The lifelong Phillies fan (Carman was a Phil) took a circuitous route through the Continental United States to reach each “wax packer,” as he liked to call them, heading to Southern California, East through Texas to Arkansas and Oklahoma, to Florida for several stops, up to New York and Connecticut to try and see Gooden and Mazzilli, up to Cooperstown to attempt a meeting with “Pudge,”and then back out West to Las Vegas to catch up with Sutcliffe before heading home to the Golden Bear state.
Interestingly, Balukjian doesn’t have a baseball writer’s background, although he has been published in numerous publications. That innocent approach, however, works well in his favor, as this is decidely not a “so-and-so batted such-and-such in 19-whatever” kind of baseball book. There are baseball stories, and even stat-related tales to keep every baseball fan enticed. But no, this is a personal connection with each subject, and in some cases, the book reminded me of “Tuesdays With Morrie,” although I’m not entirely sure why, as that tome had nothing to do with baseball, with a pinch of “The Teammates,” a David Halberstam book in 2001 that chronicled the journey of former Red Sox players as they road-tripped to visit Ted Williams in his final days.
“What if a pack of baseball cards could come to life,” writes renown baseball reporter Jayson Stark in his poignant review. “It sounds like a Spielberg movie plot, except it happened. Brad Balukjian made it happen, in real life, with the most eclectic cast of baseball characters ever assembled. And the result is one of the most funny, honest, human, and uniquely creative baseball books of the year. I’ll admit it. I loved The Wax Pack.”
It is also not a “baseball card book.” The fact that this hodge-podge of ballplayers lumped together from a pack of cards is almost secondary as its source.
Balukjian does, however, bookend his journey with chapters related to the production of Topps baseball cards and talks to some of the poeple involved in their creation as they worked in the Topps factory in Duryea, PA.
We meet Mary Lou Gula, who worked for Topps for 25 years, and among her many duties involved card-cutting and monitoring the one-ton globs of pink gum that ended up in little slabs to accomodate each pack. Oh, you can breathe in that delicious sugary odor even now, can’t you?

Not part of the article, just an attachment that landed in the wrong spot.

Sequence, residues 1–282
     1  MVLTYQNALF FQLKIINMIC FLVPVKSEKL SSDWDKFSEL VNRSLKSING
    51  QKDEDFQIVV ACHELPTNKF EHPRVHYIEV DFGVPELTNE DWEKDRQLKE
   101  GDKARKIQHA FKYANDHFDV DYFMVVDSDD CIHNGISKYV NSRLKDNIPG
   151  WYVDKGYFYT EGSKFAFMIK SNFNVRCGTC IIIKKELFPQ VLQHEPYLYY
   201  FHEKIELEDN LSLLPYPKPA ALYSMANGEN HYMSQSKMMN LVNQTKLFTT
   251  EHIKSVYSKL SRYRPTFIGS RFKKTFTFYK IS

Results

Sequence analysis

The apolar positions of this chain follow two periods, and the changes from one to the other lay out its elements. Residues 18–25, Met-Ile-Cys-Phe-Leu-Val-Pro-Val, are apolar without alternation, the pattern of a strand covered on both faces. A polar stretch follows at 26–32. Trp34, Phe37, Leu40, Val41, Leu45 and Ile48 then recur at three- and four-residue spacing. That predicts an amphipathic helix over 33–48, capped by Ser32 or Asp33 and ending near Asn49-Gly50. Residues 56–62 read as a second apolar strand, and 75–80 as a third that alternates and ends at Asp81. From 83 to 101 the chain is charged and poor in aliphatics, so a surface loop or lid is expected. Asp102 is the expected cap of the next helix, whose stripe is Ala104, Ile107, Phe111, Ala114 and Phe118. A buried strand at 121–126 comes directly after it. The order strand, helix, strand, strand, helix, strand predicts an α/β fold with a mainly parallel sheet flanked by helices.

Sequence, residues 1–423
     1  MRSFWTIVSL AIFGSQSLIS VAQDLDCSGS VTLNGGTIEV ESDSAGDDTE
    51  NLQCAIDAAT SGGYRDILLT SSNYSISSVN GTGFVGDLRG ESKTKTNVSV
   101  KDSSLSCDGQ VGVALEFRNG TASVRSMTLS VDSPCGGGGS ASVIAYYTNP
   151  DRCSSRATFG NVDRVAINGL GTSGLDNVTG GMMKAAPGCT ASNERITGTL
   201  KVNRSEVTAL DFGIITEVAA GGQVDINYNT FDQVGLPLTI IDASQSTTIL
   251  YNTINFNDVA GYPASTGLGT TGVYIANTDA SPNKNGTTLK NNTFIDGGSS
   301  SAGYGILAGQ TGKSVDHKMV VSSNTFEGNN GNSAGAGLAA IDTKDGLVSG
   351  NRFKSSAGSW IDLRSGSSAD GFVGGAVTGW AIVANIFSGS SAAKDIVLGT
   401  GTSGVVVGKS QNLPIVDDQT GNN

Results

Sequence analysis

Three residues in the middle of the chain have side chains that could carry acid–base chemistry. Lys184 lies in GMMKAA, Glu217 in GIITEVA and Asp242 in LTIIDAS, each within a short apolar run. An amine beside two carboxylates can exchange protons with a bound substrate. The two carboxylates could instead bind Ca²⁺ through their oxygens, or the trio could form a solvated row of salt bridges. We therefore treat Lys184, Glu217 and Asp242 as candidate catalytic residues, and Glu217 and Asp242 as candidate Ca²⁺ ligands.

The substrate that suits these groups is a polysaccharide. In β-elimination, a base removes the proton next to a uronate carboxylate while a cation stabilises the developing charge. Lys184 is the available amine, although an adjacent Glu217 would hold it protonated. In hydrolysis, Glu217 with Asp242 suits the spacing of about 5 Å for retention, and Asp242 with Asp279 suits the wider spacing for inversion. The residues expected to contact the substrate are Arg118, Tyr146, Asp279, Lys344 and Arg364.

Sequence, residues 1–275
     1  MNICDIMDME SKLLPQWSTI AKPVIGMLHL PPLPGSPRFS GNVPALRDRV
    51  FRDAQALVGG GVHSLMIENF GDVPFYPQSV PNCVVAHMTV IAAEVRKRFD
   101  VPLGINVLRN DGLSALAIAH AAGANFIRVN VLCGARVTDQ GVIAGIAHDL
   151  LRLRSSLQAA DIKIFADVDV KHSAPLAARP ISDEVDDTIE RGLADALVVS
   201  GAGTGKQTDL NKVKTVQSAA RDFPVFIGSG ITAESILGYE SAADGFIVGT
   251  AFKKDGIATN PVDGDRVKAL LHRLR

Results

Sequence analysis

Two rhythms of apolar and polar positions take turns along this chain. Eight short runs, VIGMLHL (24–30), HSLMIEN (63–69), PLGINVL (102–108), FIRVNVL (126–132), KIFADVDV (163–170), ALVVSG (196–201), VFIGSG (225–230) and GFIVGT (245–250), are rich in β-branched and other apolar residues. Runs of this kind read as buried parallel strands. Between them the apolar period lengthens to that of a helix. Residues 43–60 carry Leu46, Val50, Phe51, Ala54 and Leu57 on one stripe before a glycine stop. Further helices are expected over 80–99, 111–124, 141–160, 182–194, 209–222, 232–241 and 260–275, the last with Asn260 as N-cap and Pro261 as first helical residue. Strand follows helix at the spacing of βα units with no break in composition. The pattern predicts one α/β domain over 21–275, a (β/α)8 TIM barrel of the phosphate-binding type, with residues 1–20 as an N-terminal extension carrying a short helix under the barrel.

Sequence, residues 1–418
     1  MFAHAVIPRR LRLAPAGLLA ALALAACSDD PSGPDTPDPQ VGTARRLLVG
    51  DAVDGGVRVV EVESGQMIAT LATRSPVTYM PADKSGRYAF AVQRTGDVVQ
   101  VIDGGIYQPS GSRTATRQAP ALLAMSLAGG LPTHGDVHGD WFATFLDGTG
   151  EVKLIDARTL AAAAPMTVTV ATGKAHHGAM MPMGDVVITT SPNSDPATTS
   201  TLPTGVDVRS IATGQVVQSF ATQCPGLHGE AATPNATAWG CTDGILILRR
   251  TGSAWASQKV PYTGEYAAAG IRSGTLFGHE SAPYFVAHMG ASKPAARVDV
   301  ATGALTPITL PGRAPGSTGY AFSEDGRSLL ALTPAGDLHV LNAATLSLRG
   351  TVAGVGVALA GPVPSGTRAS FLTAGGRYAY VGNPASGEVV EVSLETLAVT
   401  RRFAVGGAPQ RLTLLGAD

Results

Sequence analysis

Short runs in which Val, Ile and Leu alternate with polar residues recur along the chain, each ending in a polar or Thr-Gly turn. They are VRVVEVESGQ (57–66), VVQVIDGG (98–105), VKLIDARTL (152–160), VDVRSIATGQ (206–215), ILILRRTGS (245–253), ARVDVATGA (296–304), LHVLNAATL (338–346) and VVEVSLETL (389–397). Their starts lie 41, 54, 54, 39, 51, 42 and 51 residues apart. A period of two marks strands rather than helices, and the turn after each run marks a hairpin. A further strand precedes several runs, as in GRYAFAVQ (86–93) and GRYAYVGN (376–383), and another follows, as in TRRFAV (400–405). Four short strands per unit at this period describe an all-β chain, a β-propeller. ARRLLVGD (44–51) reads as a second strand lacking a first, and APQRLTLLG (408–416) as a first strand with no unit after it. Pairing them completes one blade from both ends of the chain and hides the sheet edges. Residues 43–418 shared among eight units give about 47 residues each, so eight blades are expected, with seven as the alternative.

And even though the Topps factory in Duryea closed in 1996, Balukjian meets up with a handful of former Topps employees at a casino in Pennsylvania for a touch of reminiscing.
Balukjian’s lack of baseball card expertise is evidenced by not even mentioning the cards featuring Coleman and Gooden are not even their actual player cards. They’re “Record Breaker” cards, when Coleman was noted for “Most Stolen Bases, Season, Rookie,” and Gooden for “Youngest 20-Game Winner, Modern History.”
And Fisk’s card is never noted for being his “All-Star” card, not his regular player card.
Card collectors know the difference.
Balukjian also never mentions the value of the cards as they exist today. Buying those packs on ebay certainly couldn’t have set him back much. A current check of ebay offers an unopened pack of 1986 Topps baseball cards for less than two dollars, plus $2.90 for shipping.
The author never actually meets up with several of the “wax packers,” including Pettis, Coleman, and Gooden, for a variety of “excuses”or missed “appointments.” And in the case of Doc, there are implications that he went off the wagon at an inappropriate time. Or perhaps it was simply just the particpiant’s lack of willingness to cooperate, so Balukjian spends entire chapters describing the missed circumstances in detail, or hooking up with relatives or acquaintances while analyzing the player from afar.
His “Moby Dick” becomes Fisk, as this literary Jonah tries to track down his “whale” in Florida to no avail, and later hatches a plan to come face to face during an Induction Weekend up in Cooperstown.
These days, it actually is relatively easy to meet your favorite Hall of Famer during Induction Weekend…for a price. At some of the hotels and memorabilia shops along Main Street, some of the Hall of Famers – and other baseball luminaries, will sign autographs for prices corresponding to their popularity and frequency as signers.
At this weekend event at the historic Tunnicliff Inn, Reggie Jackson was signing for $89, Robin Yount for $85, and a Fisk signature was worth $69.
What Balukjian didn’t know is what is well-known amongst autograph hounds. That Hall of Fame “discount” is partially due to the fact that if you happen to catch Pudge away from the promoters that host these Main Street events, such as on the golf course or elsewhere, Fisk will sign just about anything for a quick $20 donation to his Foundation.
So since the writer and the Hall of Famer never made that connection in Florida, Balukjian’s plan involved buying a greeting card with a written note about the book and dropped in his business card. So when he handed his ’86 Topps card to Fisk to sign – after paying $69 – he actually handed Pudge the card and explained, “Carlton, since you’re probably so tired of everyone asking for your autograph, I thought I’d give you one of mine.”
A somewhat confused Fisk replied, “Umm, thanks.”
Balukjian hoped it would inspire Fisk to call him after the weekend for that interview.
He’s still waiting.
“The Wax Pack” is a journey worth waiting for, worth taking. Enjoy the ride.
And stay safe, stay well during this terrible worldwide crisis.